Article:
Two days ago marked the 35th anniversary of John Lennon’s murder. Over at Esquire Classic, I curated a post featuring a Esquire cover story on Lennon which appeared in November, 1980. Then, I also interviewed Laurence Shames, who wrote the piece on Lennon:
EC: Where were you when Lennon was shot?
LS: By a truly bizarre coincidence, I was actually on West Seventy-second Street when the shooting occurred, having an after-dinner drink with a friend who lived across the street and a few doors west of the Dakota. We heard the shots. After that my memory gets really hazy. Can’t remember when we learned exactly what had happened. I think I must have been in clinical shock. No memory of walking home or the rest of that night. Really a difficult time.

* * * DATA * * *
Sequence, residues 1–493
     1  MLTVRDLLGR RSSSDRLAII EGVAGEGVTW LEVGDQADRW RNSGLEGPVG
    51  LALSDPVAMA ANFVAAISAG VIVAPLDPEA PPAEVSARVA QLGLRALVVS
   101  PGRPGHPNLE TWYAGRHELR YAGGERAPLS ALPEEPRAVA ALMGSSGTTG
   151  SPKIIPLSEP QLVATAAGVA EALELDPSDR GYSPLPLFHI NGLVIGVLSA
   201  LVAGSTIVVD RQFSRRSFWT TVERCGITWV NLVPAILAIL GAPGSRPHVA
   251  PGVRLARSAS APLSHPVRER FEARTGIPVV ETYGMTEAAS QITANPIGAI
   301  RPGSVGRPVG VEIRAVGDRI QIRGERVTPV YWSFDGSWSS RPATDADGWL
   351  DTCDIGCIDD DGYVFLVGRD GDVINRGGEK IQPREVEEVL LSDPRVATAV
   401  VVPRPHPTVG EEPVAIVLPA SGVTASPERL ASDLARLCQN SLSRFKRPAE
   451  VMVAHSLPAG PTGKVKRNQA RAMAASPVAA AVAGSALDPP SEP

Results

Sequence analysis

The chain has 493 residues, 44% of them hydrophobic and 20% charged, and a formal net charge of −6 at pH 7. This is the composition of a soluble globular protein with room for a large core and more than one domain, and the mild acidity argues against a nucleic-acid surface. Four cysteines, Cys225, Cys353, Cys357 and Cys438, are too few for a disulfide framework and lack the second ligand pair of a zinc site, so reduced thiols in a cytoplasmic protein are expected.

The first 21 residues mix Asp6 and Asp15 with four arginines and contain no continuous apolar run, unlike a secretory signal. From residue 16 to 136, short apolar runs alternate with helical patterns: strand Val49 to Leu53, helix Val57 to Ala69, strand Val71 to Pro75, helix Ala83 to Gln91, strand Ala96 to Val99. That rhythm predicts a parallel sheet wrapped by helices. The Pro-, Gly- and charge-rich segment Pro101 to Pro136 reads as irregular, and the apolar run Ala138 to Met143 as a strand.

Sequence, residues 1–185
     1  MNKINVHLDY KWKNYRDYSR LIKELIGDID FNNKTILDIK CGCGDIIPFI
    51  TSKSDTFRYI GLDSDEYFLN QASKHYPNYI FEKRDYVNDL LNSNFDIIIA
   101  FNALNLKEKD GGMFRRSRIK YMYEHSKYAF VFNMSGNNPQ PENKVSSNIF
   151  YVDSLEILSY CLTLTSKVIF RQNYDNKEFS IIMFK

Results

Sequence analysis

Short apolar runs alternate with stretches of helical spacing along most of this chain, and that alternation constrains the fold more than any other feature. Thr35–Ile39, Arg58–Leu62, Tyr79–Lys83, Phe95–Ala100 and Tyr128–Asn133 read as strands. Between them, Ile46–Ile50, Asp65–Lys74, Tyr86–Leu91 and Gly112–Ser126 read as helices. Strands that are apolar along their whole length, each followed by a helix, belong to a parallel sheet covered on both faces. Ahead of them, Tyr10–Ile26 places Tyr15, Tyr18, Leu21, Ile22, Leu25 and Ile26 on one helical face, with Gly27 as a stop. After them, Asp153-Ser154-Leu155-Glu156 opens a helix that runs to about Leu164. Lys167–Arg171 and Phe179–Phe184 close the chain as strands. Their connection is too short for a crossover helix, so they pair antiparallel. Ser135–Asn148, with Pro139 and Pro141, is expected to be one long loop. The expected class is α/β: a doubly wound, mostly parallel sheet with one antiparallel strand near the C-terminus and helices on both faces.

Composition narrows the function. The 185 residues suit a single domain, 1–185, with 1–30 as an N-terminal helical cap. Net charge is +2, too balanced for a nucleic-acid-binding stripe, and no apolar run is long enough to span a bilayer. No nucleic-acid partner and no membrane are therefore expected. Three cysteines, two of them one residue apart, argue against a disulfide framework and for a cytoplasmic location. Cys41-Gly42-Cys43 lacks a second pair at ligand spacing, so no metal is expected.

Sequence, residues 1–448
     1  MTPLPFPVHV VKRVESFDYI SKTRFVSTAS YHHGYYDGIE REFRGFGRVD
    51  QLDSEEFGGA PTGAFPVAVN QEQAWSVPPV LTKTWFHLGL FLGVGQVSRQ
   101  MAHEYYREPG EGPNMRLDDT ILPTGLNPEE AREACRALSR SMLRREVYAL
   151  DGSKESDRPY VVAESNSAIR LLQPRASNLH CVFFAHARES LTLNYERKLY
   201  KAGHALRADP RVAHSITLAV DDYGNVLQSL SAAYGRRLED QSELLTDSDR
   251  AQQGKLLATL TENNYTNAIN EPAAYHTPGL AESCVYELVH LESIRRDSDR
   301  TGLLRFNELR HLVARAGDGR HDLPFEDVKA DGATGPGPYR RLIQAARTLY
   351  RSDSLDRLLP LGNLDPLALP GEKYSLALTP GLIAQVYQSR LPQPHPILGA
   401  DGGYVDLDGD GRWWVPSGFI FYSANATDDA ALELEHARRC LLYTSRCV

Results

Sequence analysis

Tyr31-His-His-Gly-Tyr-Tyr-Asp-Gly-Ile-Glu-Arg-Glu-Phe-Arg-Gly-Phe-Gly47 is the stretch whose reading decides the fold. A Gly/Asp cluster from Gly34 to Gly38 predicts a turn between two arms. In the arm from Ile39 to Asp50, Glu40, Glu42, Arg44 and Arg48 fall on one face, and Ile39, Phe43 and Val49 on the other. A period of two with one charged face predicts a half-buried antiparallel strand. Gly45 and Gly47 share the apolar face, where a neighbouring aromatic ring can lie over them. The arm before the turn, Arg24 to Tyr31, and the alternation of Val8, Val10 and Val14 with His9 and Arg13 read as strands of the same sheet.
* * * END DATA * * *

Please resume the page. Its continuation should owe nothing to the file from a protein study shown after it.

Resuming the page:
I was 9 when Lennon was killed and don’t remember where I was. I probably didn’t hear the news until the following morning. I do recall watching the news and seeing the footage of the crowds of people outside of the Dakota and in Central Park–singing and crying. I knew John was a Beatle, of course, but oddly, I thought of him more as an Upper West Sider.
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